14 Panel Report, China–Broiler Products, para. 7.50, citing to Appellate Body Report, EC–Fasteners (China), paras. 541–542.

15 Panel Report, China–Broiler Products, para. 7.53.

16 Ibid., at para. 7.54.

17 Ibid., at para. 7.56.

18 Ibid., at para. 7.57.

19 Ibid.

20 Graphs and written explanations were provided for each of the four indicators except for labor productivity.

21 Panel Report, China–Broiler Products, para. 7.63–7.64.

22 Ibid., at para. 7.70.

23 Ibid., at para. 7.77.

24 European Communities– Anti-dumping Measure on Farmed Salmon from Norway, WT/DS337/R, adopted 15 January 2008.

25 Panel Report, China–Broiler Products, paras. 7.89–7.90.

26 Ibid., at para. 7.91.

27 Ibid.

28 China – Definitive Anti-dumping Duties on X-Ray Security Inspection Equipment from the European Union, WT/DS425/R, adopted 24 April 2013.

29 Panel Report, China–Broiler Products, para. 7.92.

30 Ibid., at para. 7.92.

31 Ibid., at para. 7.93.

32 Panel Report, China–Broiler Products, paras. 7.97–7.100.

33 Ibid., at paras. 7.101–7.104.

34 MOFCOM did indicate in the final disclosure that an adjustment was made to raw material prices and adjustments were also made to the export price with respect to the alleged errors in the reporting of freezer expenses. Panel Report, China–Broiler Products, para. 7.105.

35 The two consequential claims raised by the US under Article 1 of the ADA and Article 10 of the SCM Agreement are counted in the 14 total alleged violations but were not included as procedural or substantive issues in this paper.

36 Panel Report, China–Broiler Products, para. 7.109.

37 United States – Final Dumping Determination on Softwood Lumber from Canada, Panel Report, WT/DS/264/R, adopted 1 September 2006, reversed by the Appellate Body Report, WT/DS264/AB/R.

38 Panel Report, China–Broiler Products, para. 7.160.

39 Ibid., at para. 7.161.

40 Ibid., at para. 7.164.

41 Ibid., at para. 7.163.

42 Ibid., footnotes omitted.

43 Panel Report, China–Broiler Products, para. 7.166.

44 Ibid., at para. 7.169, including footnote 294.

45 Ibid., at para. 7.171.

46 Ibid., at paras. 7.173–7.174. MOFCOM's treatment for Pilgrim's Pride was remarkably different from those of Tyson and Keystone. The other two simply received a one-line conclusion that their costs were unreasonable without any explanation, but MOFCOM explained in detail that it rejected Pilgrim's Pride's data as they were incomplete and the efforts to correct them were untimely.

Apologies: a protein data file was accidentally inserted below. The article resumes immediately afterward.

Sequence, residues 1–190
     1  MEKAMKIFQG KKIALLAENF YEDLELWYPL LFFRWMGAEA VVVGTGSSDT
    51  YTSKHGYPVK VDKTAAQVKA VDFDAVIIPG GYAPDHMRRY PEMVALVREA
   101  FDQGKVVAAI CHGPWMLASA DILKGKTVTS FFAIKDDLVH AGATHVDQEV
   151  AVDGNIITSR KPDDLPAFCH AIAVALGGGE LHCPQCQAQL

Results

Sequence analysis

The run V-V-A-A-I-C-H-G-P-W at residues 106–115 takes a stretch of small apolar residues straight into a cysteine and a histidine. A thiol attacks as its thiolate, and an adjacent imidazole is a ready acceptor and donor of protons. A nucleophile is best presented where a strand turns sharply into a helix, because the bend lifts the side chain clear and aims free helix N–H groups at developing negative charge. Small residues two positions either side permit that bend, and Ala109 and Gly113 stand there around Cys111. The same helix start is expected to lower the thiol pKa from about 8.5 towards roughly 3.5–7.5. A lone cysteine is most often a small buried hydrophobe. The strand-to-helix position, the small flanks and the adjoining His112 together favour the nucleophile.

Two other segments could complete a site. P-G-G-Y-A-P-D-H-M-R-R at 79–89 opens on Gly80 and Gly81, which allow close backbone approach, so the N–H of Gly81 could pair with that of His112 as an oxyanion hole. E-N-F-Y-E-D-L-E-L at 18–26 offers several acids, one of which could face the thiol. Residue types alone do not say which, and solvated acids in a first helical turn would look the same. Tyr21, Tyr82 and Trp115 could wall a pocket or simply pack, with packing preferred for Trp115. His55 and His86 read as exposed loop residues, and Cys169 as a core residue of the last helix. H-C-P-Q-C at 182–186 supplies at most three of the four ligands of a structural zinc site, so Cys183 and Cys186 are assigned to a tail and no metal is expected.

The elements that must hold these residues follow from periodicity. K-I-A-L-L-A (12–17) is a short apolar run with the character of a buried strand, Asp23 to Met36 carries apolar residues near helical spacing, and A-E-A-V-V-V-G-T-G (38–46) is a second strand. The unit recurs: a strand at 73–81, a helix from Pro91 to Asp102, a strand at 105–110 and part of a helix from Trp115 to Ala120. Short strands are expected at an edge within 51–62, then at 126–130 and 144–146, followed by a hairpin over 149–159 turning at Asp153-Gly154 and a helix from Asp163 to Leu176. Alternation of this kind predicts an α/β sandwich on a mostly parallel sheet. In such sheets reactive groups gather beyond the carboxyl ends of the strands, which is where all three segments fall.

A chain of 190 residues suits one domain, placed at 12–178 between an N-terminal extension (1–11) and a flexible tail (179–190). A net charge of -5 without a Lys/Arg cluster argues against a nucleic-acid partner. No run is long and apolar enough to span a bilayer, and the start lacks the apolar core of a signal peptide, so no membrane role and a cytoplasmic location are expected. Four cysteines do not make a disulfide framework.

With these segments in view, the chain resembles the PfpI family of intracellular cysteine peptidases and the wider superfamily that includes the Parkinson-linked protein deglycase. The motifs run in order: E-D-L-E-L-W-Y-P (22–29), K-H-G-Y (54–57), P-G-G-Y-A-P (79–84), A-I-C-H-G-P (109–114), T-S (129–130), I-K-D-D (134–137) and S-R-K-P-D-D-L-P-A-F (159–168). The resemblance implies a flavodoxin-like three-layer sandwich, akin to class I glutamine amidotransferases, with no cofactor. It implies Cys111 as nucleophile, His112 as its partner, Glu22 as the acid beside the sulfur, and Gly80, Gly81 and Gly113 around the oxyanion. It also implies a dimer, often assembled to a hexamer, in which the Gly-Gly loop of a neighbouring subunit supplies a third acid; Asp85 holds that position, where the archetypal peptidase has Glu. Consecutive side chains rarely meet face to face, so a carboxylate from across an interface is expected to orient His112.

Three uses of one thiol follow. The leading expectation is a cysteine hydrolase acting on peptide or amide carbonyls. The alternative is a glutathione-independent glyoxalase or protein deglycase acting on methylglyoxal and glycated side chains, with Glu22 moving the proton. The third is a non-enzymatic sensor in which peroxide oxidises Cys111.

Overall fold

47 Panel Report, China–Broiler Products, para. 7.192.

48 Ibid.

49 Ibid., at para. 7.194.

50 As the Panel stated in footnote 338, some products have higher processing costs than others, e.g., the processing of breast meat involves procedures such as skinning, deboning, and deveining, which are more labor-intensive and costly than the production of other chicken parts. Panel Report, China–Broiler Products, para. 7.196.

51 Panel Report, China–Broiler Products, para. 7.197. China argued that it used Tyson's own data and submitted a table (Exhibit CHN-64) that summarized the data provided by Tyson. Upon examination, the Panel found that the non-subject products were not listed in the breakdown, so that the table did not show that the costs assigned to individual products excluded the costs of non-subject products from the total cost. It concluded that the US made a prima facie case based on the evidence.

52 Panel Report, China–Broiler Products, para. 7.222, citing to Appellate Body Report, Mexico – Definitive Anti-Dumping Measures on Beef and Rice, Complaint with Respect to Rice, WT/DS295/AB/R, adopted 20 December 2005, para. 138; also citing to Panel Report, Canada – Measures Affecting the Export of Civilian Aircraft, WT/DS70/R, adopted 20 August 1999, para. 91.2, upheld by the Appellate Body Report, WT/DS70/AB/R; Appellate Body Report, India – Patent Protection for Pharmaceutical and Agricultural Chemical Products, WT/DS50/AB/R, adopted 16 January 1998, para. 94; Appellate Body Report, Brazil – Export Financing Programme for Aircraft, WT/DS46/DS/R, adopted 20 August 1999, para. 132; Appellate Body Report, United States–Subsidies on Upland Cotton, WT/DS267/AB/R, adopted 21 March 2005, para. 293.